MY RESPONSE: I don’t disagree with Thielen about anything in this chapter. What concerns me is that he says nothing to challenge one of the scholars he quotes earlier in his book (Marcus Borg) on another issue. But Borg said the following about the resurrection of Christ: “I think the resurrection of Jesus really happened, but I have no idea if it involves anything happening to his corpse, and, therefore, I have no idea whether it involves an empty tomb, and for me, that doesn’t matter because the central meaning of the Easter experience or the resurrection of Jesus is that His followers continue to experience Him as a living reality, a living presence after His death. So I would have no problem whatsoever with archaeologists finding the corpse of Jesus. For me that would not be a discrediting of the Christian faith or the Christian tradition.”
Granted, Thielen is writing these last chapters to state what he believes Christians ought to believe. But I wish he were more forthcoming about those who deny the resurrection of the Lord Jesus.
Some Thoughts on the Book “What’s the Least I Can Believe and Still Be a Christian?” (Post #17): Chapter 16- “Jesus’ Death”
Chapter 16 of Martin Thielen’s book What’s the Least I Can Believe and Still Be a Christian? is subtitled What about Suffering? Thielen gives several stories to illustrate both the problem of suffering and the fact that God is with us, in the midst of our suffering.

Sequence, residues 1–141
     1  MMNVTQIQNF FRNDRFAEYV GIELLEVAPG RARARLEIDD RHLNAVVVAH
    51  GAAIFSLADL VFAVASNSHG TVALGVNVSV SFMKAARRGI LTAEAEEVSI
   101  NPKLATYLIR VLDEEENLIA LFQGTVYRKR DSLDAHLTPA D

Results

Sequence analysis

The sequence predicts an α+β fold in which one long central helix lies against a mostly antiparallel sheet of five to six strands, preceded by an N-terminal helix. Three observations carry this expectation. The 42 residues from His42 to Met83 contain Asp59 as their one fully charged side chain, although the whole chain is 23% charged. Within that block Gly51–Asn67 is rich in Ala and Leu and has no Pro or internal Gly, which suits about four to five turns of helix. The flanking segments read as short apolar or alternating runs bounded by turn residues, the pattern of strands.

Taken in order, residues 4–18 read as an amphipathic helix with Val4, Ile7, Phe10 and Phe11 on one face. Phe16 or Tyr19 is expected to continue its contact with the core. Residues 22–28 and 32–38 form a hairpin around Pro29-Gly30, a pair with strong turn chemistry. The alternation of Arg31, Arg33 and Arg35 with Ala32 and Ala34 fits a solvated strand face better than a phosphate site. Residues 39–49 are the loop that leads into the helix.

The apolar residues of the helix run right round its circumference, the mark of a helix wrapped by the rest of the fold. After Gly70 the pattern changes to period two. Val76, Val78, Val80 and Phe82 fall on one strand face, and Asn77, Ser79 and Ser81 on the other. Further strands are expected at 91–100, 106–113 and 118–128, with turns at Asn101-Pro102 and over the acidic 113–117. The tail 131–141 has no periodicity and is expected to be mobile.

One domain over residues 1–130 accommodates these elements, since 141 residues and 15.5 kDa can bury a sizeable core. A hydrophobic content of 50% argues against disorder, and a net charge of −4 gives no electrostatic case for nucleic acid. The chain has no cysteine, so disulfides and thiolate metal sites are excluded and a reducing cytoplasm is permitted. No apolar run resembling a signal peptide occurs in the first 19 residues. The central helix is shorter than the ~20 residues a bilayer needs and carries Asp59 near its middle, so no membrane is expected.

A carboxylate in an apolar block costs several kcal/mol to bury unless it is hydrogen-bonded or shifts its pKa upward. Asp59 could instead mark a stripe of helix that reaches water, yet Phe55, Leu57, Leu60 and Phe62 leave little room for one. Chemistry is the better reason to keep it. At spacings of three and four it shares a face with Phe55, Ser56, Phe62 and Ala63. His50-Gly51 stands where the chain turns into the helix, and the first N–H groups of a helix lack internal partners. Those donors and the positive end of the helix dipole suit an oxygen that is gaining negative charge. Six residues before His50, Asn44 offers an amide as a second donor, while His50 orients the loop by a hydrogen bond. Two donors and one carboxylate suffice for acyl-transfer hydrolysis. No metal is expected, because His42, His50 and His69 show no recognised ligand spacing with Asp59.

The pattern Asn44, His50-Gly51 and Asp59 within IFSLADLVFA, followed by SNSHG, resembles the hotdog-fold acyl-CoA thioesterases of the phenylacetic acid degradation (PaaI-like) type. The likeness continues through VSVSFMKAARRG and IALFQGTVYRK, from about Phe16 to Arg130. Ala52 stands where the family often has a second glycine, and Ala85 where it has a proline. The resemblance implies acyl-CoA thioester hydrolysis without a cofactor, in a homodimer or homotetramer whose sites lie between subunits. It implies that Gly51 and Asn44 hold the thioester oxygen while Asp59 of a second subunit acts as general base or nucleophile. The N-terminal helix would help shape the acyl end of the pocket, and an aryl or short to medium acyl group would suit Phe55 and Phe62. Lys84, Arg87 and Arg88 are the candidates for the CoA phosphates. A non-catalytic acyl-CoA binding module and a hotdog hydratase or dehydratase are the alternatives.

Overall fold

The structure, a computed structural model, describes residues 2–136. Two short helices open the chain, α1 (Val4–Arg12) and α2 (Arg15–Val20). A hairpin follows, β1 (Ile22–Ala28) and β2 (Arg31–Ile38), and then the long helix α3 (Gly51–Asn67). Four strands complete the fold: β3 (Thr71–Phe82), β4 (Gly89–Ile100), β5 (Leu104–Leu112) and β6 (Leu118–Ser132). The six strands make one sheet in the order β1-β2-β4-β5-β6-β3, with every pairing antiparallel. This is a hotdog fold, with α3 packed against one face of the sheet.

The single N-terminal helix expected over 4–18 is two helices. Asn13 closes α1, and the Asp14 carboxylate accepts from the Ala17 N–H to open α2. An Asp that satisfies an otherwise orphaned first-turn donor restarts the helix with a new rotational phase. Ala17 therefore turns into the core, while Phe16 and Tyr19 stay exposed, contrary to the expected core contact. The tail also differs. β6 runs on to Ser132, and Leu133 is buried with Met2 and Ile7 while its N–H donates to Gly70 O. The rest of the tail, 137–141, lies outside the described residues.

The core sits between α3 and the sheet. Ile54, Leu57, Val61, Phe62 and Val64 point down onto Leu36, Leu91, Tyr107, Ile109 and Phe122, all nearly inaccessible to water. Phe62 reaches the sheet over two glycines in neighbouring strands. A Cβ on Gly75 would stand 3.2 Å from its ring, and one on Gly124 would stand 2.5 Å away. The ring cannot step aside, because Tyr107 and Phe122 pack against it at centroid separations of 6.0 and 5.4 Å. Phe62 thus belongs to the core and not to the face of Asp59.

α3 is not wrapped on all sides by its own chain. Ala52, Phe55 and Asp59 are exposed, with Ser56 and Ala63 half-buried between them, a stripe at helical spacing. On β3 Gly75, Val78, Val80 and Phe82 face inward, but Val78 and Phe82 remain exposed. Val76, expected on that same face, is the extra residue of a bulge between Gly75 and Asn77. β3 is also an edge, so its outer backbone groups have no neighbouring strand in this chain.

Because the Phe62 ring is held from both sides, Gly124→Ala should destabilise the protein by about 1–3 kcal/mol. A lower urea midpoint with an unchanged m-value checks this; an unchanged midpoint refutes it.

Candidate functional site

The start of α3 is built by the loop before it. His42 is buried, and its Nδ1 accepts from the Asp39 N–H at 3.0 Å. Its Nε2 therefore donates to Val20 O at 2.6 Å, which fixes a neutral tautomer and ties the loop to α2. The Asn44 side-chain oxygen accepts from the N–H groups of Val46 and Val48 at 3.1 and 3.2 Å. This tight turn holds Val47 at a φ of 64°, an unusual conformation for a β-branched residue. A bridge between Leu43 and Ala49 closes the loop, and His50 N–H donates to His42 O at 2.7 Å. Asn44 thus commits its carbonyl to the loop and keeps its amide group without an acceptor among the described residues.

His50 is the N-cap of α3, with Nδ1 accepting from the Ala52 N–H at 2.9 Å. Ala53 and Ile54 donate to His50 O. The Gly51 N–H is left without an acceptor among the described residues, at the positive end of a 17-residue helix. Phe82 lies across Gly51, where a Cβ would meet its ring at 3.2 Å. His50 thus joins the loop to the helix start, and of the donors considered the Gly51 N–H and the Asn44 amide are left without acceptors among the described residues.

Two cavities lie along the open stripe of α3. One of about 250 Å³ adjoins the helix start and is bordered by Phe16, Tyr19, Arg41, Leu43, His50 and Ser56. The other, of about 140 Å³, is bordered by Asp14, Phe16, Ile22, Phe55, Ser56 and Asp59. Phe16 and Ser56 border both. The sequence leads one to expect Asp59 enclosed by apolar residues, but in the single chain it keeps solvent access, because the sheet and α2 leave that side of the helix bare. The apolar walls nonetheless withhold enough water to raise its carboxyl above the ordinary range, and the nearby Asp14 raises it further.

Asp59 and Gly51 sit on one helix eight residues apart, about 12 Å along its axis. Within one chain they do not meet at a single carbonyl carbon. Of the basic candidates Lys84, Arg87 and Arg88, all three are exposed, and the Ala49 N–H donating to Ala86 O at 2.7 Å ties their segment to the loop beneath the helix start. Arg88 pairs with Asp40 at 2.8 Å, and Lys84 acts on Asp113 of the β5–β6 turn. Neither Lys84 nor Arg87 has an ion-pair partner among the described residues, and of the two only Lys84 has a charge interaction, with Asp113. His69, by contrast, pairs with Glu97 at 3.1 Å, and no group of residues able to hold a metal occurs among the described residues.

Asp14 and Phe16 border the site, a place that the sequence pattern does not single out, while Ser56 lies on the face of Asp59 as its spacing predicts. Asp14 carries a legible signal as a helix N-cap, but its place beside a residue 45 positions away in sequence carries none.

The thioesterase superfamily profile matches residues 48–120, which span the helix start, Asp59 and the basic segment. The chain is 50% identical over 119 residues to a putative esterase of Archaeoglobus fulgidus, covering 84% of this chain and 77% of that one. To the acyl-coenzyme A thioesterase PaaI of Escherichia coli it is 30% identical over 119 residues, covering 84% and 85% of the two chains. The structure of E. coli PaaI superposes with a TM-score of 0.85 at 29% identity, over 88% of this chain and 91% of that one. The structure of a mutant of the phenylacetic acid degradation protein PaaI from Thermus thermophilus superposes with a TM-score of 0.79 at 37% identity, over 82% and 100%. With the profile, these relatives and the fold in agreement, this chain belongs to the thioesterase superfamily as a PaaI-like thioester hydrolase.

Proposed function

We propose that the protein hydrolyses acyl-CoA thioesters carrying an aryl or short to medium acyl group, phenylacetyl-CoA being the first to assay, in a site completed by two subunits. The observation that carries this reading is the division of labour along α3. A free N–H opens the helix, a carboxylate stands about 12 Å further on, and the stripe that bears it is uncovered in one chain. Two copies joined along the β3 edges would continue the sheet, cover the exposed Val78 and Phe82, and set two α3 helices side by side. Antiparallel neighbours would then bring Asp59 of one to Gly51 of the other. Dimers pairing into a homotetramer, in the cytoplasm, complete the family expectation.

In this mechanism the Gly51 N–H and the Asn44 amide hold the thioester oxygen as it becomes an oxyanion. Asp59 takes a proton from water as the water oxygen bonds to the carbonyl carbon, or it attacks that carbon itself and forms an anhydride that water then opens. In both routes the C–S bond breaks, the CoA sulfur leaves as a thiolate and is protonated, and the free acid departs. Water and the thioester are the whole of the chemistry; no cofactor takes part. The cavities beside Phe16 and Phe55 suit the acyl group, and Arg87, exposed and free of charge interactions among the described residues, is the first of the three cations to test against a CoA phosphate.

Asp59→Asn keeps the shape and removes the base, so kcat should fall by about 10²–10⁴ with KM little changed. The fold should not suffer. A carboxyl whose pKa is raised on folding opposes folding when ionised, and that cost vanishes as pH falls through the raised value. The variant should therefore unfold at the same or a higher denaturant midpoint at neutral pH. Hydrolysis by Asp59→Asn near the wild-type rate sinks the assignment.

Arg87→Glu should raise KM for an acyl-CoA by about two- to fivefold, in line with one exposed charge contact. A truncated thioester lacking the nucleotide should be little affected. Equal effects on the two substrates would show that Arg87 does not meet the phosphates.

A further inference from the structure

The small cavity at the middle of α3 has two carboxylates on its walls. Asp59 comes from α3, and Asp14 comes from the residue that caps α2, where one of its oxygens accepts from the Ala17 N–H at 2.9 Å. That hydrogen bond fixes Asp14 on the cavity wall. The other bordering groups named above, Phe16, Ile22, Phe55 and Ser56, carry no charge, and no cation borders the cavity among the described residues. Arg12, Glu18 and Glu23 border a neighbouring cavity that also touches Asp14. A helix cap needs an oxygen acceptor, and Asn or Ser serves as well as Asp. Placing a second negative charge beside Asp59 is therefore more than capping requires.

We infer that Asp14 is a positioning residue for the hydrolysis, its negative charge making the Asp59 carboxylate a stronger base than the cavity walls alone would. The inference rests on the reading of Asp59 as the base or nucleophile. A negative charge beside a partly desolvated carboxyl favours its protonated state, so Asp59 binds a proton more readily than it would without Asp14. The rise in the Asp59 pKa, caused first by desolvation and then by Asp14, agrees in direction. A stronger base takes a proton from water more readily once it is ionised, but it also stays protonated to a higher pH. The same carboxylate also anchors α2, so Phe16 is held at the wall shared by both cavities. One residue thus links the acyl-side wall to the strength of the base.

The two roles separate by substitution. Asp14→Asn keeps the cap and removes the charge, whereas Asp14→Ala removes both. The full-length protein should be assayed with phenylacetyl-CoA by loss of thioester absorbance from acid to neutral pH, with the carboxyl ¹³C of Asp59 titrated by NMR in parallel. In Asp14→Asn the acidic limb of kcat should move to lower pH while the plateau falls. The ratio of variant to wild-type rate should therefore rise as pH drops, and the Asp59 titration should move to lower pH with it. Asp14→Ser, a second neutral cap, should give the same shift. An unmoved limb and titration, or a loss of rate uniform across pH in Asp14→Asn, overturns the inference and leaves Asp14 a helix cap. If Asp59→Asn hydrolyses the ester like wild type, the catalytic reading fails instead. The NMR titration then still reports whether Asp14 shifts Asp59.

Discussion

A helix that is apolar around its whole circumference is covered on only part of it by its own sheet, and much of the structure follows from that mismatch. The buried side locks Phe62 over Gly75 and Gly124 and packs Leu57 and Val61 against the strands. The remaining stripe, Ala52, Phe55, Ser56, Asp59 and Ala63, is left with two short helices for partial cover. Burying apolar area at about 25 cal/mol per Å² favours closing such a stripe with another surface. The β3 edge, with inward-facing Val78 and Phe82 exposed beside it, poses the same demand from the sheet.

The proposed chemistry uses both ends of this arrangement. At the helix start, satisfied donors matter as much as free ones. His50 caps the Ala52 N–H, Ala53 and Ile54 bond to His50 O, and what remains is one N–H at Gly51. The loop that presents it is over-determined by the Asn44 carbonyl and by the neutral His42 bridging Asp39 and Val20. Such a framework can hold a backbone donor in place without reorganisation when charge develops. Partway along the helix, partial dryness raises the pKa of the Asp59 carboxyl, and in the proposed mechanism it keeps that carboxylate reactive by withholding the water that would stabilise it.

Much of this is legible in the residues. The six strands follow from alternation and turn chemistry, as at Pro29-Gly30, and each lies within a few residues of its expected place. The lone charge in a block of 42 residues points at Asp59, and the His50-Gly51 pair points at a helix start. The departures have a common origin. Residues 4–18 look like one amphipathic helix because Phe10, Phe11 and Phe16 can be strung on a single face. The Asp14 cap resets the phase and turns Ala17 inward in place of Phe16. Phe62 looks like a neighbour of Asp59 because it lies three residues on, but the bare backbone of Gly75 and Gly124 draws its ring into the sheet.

Our questions of “Why?” do not have a final answer — unless we look at our “crucified God” on the cross. He enters into our suffering. There are various sources of our suffering — human sin, the laws of nature, God’s allowing suffering, the possibility of demonic forces producing pain and suffering.
To the question “Where is God When It Hurts?”, Thielen says He is right smack in the middle of our pain. And Christianity is a religion of the cross. “The cross is the center of our faith.”
MY RESPONSE: C.S. Lewis said that “pain is God’s megaphone to rouse a deaf world!” As someone who was a cheerleader in college, I learned a very valuable lesson: don’t stand next to the girl with the megaphone! We need the loudness of suffering to wake us up from the myths that life is safe, that good people deserve good things, that all is right with the world. Although there is much to be thankful for in this world (“This is my Father’s world”), much is WRONG with this world. And suffering can fix our eyes on God instead of the goodness we think we deserve.
Thielen is right to point to the Lord Jesus on the cross as proof that God is with us in our suffering. I wish he had said something about WHY Jesus died. But perhaps that will come in a later chapter. Might I suggest that as we listen to the stories of our non-Christian friends and neighbors who tell us of their suffering, we should be ready to pray for them. And when the occasion is right, to point out that suffering has a way of drawing our minds toward God and the things of God.